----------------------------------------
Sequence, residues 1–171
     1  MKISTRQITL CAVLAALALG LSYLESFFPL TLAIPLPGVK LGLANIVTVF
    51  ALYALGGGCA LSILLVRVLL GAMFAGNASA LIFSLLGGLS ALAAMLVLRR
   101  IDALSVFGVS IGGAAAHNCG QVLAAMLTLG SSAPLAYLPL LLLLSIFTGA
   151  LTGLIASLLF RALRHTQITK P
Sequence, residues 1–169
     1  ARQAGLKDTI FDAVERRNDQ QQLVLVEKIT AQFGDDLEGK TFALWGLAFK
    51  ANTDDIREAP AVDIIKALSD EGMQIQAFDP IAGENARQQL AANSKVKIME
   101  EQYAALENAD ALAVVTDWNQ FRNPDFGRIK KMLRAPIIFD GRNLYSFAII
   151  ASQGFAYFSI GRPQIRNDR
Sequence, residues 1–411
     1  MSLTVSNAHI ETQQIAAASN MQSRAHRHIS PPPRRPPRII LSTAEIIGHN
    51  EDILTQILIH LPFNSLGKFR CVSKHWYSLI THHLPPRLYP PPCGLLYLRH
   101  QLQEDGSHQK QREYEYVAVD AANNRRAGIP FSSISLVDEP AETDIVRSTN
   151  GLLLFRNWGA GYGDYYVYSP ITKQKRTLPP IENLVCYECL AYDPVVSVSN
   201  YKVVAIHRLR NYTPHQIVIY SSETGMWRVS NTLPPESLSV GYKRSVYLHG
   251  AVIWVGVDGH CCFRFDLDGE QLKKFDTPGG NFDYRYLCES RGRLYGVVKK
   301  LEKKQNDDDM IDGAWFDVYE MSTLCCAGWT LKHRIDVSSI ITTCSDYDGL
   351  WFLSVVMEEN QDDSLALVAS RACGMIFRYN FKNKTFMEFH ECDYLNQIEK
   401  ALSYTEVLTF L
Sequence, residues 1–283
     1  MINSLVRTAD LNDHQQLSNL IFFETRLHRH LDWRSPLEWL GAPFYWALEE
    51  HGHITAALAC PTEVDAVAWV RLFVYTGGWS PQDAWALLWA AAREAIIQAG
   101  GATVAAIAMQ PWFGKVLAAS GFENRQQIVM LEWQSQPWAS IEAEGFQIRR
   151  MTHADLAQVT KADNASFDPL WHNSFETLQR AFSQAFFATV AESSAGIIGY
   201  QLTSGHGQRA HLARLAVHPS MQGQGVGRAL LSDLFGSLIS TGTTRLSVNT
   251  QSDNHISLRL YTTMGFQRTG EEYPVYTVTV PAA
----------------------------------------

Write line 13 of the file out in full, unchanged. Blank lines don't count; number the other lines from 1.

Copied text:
    51  EDILTQILIH LPFNSLGKFR CVSKHWYSLI THHLPPRLYP PPCGLLYLRH